A model for \(\delta_z\)

Let’s now see how this works if we treat \(\delta_z\) as the correct metric and assume that the design parameters are independent of \(\delta_z\). Assume that \[
\delta_z \sim N(\alpha, \omega^2)
\] and that the remaining parameters \(\rho\), \(\phi\), and \(K\) are independent of \(\delta_{av}\). Then the observed-score standardized mean difference using change score standardization can be written as \(\tilde\delta_z = B_z \times \delta_z\), where \[
B_z = \sqrt{\frac{1 - \rho}{1 - \rho + \frac{1 - \phi}{\phi K}}}
\] and the observed-score standardized mean difference using raw score standardization can be written as \(\tilde\delta_{av} = B_{av} \times \delta_z\), where \[
B_{av} = \frac{\sqrt{2}(1 - \rho)}{\sqrt{1 - \rho + \frac{1 - \phi}{\phi K}}}.
\] The plots below show the distribution of \(B_z\) and \(B_{av}\) under the same scenarios considered above. First, the scenario where observed-score reliability is not controlled:

The tables are now more or less turned. Under both reliability scenarios, \(B_z\) has a lower coefficient of variation than \(B_{av}\), indicating that \(\tilde\delta_z\) is less affected by procedural heterogeneity than is \(\tilde\delta_{av}\). However, \(\tilde\delta_z\) is still affected in absolute terms, considering that the coefficient of variation for \(B_z\) is about 79% of the coefficient of variation for \(A_z\). Of course, \(\tilde\delta_{av}\) is quite strongly affected under this model, with a coefficient of variation of 0.258.

Consequences for heterogeneity

To make these results a bit more concrete, it’s useful to consider think in terms of heterogeneity of the observed score effect sizes. The figure below plots the CVs of observed-score effect size parameters as a function of the CVs of the true effect size distribution.

Code

library(tidyr)library(stringr)CV_obs <- CVs |>select(-A_ratio, -B_ratio) |>pivot_longer(-reliability, names_to ="metric", values_to ="het") |>expand_grid(tau_mu =seq(0,1,0.02)) |>mutate(reliability =recode(reliability, 'at least 0.64'="Reliability of at least 0.64", 'random'="Random reliability"),metric =paste0(str_replace(metric, "\\_","\\["),"]"),CV =sqrt((1+2* tau_mu^2) * het^2+ tau_mu^2) )CV_ex <- CV_obs |>filter(tau_mu ==0.5, reliability =="Reliability of at least 0.64") |>select(metric, CV) |>mutate(CV =round(CV, 3),metric =str_replace(str_sub(metric, 1, -2), "\\[", "_") ) |>pivot_wider(names_from = metric, values_from = CV)CV_obs_labs <- CV_obs %>%filter(tau_mu ==0)ggplot(CV_obs, aes(tau_mu, CV, color = metric)) +facet_wrap(vars(reliability)) +scale_x_continuous(expand =expansion(c(0.1,0),0), breaks =seq(0.2, 1, 0.2)) +scale_y_continuous(expand =expansion(0,0), breaks =seq(0, 1, 0.2)) +geom_vline(xintercept =0) +geom_hline(yintercept =0) +geom_abline(slope =1, linetype ="dashed") +geom_text(data = CV_obs_labs, aes(x = tau_mu, y = CV, color = metric, label = metric),nudge_x =-0.05,parse =TRUE ) +geom_line() +theme_minimal() +labs(x =expression(tau / mu), y ="Coefficient of variation for observed score ES") +theme(legend.position ="none")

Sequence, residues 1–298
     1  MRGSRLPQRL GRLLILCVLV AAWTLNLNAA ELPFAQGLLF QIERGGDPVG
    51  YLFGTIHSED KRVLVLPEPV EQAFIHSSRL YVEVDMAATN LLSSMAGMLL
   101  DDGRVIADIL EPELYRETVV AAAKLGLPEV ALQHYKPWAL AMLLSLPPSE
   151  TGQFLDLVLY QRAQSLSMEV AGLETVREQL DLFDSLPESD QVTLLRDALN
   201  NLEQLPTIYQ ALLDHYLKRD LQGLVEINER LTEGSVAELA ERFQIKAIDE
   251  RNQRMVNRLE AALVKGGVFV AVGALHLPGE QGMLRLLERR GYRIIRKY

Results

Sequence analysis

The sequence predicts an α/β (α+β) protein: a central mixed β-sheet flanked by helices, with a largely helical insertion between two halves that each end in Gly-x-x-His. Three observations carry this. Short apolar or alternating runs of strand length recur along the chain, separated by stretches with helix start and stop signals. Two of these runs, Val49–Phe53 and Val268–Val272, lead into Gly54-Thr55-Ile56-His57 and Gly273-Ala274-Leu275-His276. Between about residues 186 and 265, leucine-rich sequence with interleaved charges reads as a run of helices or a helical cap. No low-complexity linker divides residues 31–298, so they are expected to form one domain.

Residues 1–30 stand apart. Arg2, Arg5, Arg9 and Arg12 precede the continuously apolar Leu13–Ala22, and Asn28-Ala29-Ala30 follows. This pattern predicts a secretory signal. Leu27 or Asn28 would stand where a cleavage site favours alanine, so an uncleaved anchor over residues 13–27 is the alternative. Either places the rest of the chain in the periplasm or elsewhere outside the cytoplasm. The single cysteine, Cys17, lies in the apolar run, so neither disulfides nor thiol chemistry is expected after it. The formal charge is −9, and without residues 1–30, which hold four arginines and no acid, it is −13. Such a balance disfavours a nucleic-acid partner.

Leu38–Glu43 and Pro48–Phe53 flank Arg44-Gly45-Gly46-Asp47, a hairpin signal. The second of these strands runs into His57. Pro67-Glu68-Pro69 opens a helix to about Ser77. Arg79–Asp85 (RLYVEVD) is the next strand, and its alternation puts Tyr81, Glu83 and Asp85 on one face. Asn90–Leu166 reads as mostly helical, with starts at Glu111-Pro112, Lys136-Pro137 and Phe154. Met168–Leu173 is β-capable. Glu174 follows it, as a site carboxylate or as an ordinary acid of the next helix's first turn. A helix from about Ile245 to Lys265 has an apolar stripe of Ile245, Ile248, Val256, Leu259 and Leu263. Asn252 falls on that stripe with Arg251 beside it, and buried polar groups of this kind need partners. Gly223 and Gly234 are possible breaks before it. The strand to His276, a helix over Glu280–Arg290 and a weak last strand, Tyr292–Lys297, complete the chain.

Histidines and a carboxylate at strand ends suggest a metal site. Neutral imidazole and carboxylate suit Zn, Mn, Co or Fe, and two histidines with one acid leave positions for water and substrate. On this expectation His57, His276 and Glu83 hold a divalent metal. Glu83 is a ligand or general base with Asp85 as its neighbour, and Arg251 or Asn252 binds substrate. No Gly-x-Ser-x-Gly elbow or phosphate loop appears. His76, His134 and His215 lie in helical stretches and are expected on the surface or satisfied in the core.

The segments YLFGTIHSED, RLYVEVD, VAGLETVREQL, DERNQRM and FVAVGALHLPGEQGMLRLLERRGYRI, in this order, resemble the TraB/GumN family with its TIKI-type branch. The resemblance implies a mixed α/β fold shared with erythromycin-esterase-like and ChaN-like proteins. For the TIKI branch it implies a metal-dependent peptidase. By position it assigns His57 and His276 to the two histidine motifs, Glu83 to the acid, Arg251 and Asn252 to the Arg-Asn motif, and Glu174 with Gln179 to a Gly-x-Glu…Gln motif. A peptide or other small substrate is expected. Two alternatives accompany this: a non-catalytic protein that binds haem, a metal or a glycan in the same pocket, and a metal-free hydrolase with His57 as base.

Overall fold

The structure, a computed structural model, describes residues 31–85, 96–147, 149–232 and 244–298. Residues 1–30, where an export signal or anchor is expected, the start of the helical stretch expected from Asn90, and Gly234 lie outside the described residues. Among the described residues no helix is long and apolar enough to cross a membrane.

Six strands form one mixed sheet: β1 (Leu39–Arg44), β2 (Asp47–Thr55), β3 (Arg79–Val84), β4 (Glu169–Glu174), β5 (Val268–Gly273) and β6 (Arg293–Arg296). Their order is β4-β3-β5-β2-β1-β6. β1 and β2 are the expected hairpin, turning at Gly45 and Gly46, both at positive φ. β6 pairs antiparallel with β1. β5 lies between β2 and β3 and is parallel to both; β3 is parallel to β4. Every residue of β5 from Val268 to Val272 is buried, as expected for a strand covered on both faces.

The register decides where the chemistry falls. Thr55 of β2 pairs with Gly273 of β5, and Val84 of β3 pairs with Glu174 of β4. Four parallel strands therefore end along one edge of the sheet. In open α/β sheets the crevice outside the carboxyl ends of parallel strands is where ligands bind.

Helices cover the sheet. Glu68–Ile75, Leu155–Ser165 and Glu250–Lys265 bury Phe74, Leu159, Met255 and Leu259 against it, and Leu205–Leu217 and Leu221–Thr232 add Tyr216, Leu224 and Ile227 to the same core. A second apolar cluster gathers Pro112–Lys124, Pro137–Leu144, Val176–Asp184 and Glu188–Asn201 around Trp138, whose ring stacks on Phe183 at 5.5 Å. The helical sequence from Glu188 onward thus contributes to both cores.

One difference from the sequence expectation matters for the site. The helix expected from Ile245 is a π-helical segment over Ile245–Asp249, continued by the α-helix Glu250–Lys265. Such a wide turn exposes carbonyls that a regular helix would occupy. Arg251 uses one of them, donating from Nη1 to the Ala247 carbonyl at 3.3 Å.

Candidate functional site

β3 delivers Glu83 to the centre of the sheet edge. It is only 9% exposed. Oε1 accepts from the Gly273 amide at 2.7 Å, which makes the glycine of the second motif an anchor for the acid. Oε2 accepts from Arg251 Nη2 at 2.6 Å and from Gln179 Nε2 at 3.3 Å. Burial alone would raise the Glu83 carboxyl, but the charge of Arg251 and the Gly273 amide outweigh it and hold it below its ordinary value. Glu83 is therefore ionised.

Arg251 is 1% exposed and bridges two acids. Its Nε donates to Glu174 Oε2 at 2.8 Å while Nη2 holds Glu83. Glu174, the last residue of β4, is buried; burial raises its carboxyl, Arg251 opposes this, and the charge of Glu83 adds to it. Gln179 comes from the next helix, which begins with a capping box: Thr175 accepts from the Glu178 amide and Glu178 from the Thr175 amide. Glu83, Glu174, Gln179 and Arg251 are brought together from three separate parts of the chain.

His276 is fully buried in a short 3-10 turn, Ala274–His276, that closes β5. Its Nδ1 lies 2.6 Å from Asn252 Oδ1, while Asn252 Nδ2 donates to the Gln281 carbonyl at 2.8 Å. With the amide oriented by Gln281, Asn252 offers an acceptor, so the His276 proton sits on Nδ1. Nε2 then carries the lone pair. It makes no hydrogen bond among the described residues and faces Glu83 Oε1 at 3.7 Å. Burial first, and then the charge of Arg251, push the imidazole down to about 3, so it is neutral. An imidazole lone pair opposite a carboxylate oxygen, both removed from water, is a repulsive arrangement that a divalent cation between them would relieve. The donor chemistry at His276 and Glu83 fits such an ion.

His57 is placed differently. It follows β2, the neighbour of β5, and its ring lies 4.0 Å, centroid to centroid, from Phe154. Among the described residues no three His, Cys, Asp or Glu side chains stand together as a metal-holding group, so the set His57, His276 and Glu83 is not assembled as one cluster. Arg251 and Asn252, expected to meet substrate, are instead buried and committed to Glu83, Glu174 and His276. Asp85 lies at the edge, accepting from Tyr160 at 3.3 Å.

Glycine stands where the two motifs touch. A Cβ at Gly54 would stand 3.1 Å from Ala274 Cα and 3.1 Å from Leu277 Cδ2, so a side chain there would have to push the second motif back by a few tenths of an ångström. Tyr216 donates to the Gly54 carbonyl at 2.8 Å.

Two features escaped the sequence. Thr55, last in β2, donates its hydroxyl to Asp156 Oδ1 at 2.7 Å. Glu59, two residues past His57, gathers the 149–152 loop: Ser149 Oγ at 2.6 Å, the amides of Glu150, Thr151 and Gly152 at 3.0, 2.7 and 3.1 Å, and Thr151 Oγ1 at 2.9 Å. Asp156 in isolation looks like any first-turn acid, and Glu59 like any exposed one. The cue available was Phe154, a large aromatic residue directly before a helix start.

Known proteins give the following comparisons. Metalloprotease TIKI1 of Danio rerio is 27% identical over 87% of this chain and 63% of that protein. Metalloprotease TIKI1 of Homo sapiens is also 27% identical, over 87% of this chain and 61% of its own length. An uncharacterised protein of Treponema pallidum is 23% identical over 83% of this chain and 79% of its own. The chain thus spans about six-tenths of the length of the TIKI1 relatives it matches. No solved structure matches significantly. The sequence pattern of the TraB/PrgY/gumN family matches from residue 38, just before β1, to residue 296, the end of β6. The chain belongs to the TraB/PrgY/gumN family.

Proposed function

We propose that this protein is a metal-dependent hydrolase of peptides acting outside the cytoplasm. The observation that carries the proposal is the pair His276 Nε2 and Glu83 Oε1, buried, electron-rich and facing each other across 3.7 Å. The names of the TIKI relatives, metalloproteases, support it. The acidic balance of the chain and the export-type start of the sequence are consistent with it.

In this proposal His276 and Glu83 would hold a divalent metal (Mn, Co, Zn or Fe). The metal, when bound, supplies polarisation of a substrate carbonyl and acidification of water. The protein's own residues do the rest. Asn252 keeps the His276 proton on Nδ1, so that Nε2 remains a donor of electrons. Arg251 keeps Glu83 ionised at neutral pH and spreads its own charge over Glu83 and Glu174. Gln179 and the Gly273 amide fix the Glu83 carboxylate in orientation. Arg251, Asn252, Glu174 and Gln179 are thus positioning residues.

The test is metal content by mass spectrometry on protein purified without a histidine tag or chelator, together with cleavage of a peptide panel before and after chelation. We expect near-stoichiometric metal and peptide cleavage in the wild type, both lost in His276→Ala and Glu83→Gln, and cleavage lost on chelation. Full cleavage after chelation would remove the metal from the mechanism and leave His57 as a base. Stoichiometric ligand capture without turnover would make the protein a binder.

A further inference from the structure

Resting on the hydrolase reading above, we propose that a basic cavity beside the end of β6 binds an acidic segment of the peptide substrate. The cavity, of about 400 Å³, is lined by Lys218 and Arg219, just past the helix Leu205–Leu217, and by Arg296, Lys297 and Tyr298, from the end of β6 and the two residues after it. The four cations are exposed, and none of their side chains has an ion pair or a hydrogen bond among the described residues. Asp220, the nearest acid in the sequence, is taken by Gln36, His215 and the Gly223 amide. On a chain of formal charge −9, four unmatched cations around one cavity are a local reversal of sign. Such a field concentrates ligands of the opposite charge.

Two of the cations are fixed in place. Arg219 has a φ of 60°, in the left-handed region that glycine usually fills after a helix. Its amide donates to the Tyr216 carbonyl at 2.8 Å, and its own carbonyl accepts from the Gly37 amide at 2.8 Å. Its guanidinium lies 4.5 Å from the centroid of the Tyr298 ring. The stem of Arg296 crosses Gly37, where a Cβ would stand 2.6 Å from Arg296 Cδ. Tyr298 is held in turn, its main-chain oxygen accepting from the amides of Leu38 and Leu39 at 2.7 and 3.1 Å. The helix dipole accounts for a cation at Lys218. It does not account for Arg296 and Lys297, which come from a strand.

Consider, for instance, a scenario where observed-score reliability is always at least 0.64 and \(\tau / \mu = 0.5\), which would be the case if effect sizes are normally distributed and about 97% of effect sizes are positive. Under the effect size model based on \(\delta_{av}\), the observed-score \(\tilde\delta_{av}\) is hardly affected by measurement heterogeneity at all, with a CV of 0.504 but the CV of the observed-score \(\tilde\delta_z\) is 0.543. Under the effect size model based on \(\delta_{av}\), the observed-score \(\tilde\delta_{av}\) is strongly affected by measurement heterogeneity, with a CV of 0.591; in comparison, the CV of the observed-score \(\tilde\delta_z\) of 0.527. Under both models, these increases in CV are effectively constant for larger values of \(\tau / \mu\).

So what’s your point?

Unfortunately, this particular trip down a rabbit hole doesn’t seem to yield many clear take-aways. For the scenario that I looked at here, the preferred choice of effect size metric is apparently driven by what assumptions we find more plausible. If we think the more plausible model is the one in which \(\rho\) is independent of \(\delta_{av}\), then \(\tilde\delta_{av}\) is less strongly affected by measurement variation and therefore preferred. Further, the attenuation in \(\tilde\delta_{av}\) depends only on \(\phi\), which might mean that a correction for attenuation is more feasible. However, if we think the more plausible model is the one in which \(\rho\) is independent of \(\delta_z\), then \(\tilde\delta_z\) is less strongly affected by measurement variation and therefore preferred.^{5} In the latter model, one caveat is that the measurement error attenuation in \(\tilde\delta_z\) is still a complicated mess, depending on both the true score correlation \(\rho\) and the reliability \(\phi\). This would make it pretty hard to implement some sort of correction for attenuation.